A series of three earthquakes shook central Italy, including Rome, on Wednesday.
A 5.3-magnitude quake first struck shortly after 10am local time, 65 miles northeast of the capital and just five miles from Amatrice - a town flattened by a powerful tremor last August.
Within an hour, a 5.7-earthquake hit a similar distance from Rome, forcing the city's Metro to be evacuated.
Not long after a third quake measuring 5.3 some 68 miles northeast of Rome was also felt.
Nearly 300 people were killed when the mountainous Amatrice region was shaken by three quakes last summer, causing significant damage to older buildings.
Antonio Tajani, an Italian politician, said tremors were "felt as far as Rome (but it) appears there are no victims."
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New Zealand has begun the rescue operation of about 1,000 tourists and residents of Kaikoura after a 7.5 magnitude earthquake struck the region on Sunday.
The county's defence force said it started to evacuate people by military helicopter from 9am local time.
They said a navy ship from Auckland is due to arrive in the area on Wednesday morning.
Kaikoura is a popular destination for travellers on whale-watching expeditions and is home to 2,000 residents.
However Sunday's earthquake cut water supplies and sewerage systems leaving the entire population stranded.
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Drone footage has emerged showing the scale of devastation left behind by a 6.6 magnitude earthquake that struck Italy on Sunday morning.
Homes, churches and other structures were destroyed in the second major tremor to hit the country in the last two months, with building collapses reported throughout the Umbria region, including in the town of Tolentino.
The domino effects of the earthquake which shook the Umbrian town of Norcia, Italy, on Sunday morning could be felt across the country for weeks, a leading seismologist has warned.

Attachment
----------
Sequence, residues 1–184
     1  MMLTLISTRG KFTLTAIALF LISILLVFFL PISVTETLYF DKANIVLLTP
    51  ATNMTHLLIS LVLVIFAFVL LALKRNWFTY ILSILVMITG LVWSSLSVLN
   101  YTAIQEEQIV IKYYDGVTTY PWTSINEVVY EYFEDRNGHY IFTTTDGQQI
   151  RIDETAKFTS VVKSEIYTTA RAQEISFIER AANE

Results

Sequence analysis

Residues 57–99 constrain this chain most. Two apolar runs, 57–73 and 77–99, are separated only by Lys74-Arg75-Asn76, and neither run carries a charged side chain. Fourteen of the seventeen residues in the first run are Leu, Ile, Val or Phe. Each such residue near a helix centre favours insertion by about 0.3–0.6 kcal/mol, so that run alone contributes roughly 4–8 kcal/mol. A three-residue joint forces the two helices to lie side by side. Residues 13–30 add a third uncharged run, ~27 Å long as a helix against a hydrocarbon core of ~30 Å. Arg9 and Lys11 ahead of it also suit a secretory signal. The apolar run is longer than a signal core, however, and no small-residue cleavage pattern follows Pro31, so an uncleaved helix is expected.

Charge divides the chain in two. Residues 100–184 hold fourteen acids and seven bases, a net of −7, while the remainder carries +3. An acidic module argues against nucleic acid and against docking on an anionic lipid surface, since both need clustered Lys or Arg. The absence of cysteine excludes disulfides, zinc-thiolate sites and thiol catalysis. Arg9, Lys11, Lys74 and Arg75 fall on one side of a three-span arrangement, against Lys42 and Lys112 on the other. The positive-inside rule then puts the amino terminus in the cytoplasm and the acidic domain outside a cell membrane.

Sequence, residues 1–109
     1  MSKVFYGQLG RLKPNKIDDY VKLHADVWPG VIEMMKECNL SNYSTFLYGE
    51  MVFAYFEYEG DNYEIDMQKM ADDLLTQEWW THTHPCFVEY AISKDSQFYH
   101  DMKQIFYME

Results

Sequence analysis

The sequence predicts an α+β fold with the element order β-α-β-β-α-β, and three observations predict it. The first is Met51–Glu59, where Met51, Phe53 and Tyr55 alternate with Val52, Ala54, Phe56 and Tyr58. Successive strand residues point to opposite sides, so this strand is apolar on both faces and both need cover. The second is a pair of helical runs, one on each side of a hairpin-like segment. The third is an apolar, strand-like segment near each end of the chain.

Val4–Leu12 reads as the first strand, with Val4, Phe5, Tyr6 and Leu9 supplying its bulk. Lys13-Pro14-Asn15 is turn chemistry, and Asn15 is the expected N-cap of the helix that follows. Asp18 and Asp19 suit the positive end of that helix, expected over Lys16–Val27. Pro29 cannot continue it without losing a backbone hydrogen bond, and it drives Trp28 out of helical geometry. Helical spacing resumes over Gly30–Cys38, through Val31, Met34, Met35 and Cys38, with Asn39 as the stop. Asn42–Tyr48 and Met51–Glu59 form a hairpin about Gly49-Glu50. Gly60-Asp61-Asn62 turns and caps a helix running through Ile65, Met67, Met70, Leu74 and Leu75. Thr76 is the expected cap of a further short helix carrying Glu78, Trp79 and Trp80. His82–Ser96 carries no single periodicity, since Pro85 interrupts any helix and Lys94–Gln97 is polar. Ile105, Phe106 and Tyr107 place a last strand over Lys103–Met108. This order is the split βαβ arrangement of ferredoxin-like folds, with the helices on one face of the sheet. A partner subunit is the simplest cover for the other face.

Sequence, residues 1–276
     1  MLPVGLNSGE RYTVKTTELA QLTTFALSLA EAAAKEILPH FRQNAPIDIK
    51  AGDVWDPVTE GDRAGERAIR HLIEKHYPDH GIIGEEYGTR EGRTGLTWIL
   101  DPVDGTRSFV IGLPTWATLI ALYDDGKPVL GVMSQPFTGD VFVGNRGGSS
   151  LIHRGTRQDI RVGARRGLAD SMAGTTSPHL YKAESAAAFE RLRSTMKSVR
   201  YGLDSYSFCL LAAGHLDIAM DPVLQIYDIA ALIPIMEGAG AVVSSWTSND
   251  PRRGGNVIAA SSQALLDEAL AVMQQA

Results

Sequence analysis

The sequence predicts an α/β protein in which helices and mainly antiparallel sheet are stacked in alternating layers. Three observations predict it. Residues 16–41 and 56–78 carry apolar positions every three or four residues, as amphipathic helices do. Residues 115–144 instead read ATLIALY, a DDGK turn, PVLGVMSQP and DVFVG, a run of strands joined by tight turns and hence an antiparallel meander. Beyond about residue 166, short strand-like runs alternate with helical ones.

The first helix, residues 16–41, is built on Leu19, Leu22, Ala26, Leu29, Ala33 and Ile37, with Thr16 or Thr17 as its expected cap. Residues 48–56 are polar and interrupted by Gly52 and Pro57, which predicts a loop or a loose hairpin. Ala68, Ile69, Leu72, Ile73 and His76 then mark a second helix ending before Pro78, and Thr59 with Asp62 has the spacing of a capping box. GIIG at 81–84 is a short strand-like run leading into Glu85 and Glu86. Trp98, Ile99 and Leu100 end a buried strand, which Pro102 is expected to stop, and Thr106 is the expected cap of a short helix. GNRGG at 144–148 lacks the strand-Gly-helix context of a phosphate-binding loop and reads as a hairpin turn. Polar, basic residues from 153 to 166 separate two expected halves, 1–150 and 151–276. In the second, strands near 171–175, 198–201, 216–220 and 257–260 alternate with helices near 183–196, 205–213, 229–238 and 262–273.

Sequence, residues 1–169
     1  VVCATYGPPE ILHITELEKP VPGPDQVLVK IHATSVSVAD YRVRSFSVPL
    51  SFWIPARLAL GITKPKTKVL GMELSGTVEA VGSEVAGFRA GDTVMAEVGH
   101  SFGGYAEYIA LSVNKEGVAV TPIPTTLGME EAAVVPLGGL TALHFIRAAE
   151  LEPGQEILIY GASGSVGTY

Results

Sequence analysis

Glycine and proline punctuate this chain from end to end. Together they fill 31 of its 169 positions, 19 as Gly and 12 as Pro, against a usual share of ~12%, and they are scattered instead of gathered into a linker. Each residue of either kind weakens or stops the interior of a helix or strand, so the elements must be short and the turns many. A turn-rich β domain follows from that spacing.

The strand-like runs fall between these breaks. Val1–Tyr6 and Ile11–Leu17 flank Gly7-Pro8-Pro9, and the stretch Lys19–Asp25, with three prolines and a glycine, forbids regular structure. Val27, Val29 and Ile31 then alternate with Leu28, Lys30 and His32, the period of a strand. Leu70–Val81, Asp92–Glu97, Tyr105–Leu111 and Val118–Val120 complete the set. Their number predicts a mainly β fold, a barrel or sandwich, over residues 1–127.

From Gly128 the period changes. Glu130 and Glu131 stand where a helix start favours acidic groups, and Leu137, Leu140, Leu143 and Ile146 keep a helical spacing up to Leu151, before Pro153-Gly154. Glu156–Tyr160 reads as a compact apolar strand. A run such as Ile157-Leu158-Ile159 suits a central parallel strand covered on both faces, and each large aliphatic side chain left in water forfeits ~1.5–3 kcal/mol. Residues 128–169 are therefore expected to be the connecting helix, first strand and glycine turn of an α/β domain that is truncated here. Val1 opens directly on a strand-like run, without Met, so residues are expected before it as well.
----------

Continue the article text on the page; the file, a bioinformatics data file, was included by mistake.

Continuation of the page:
Thousands of people have already been made homeless following the early morning tremors but according to experts there could be more earthquakes to come along the central Apennine fault system.
Italy's Prime Minister Matteo Renzi has promised to rebuild "all the homes, churches and properties destroyed in a string of earthquakes over the past two months".
Mr Renzi was speaking on Sunday just hours after another powerful quake hit the centre of the country.
We will rebuild everything, the houses, the churches and the businesses. Everything that needs to be done to rebuild these areas will be done.
Several people were hurt during the latest tremor on Sunday and emergency services reported widespread damage, but no deaths.
One person has been seriously injured in the strong earthquake that hit central Italy.
Several others have also been hurt in the 6.6 magnitude tremor and hundreds are believed to have been left homeless.
Civil Protection chief Fabrizio Curcio said: "No deaths have been reported, but there are a number of people injured."
The powerful earthquake that struck central Italy on Sunday saw people running from collapsing buildings.
The quake measured 6.6 according to the US Geological Survey and was centred close to the Umbrian town of Norcia.
The strong tremor badly damaged the historic Basilica of St. Benedict. Nuns and priests were seen being helped by firefighters as they sort safety in the town square.
The emergency services were checking to see if there were any casualties, said civil protection authorities.